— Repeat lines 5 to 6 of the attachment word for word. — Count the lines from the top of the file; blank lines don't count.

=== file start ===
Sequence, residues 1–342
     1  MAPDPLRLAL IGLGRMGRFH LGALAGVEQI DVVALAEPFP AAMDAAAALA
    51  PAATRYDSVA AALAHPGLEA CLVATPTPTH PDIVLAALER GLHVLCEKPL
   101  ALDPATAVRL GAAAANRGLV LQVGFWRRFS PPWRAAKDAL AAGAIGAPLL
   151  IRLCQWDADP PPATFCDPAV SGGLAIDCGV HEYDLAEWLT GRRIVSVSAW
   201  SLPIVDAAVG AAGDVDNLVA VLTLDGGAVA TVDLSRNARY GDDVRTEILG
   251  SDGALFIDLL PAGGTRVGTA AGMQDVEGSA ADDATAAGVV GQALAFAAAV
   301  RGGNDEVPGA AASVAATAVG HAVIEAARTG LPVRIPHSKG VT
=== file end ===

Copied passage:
   151  IRLCQWDADP PPATFCDPAV SGGLAIDCGV HEYDLAEWLT GRRIVSVSAW
   201  SLPIVDAAVG AAGDVDNLVA VLTLDGGAVA TVDLSRNARY GDDVRTEILG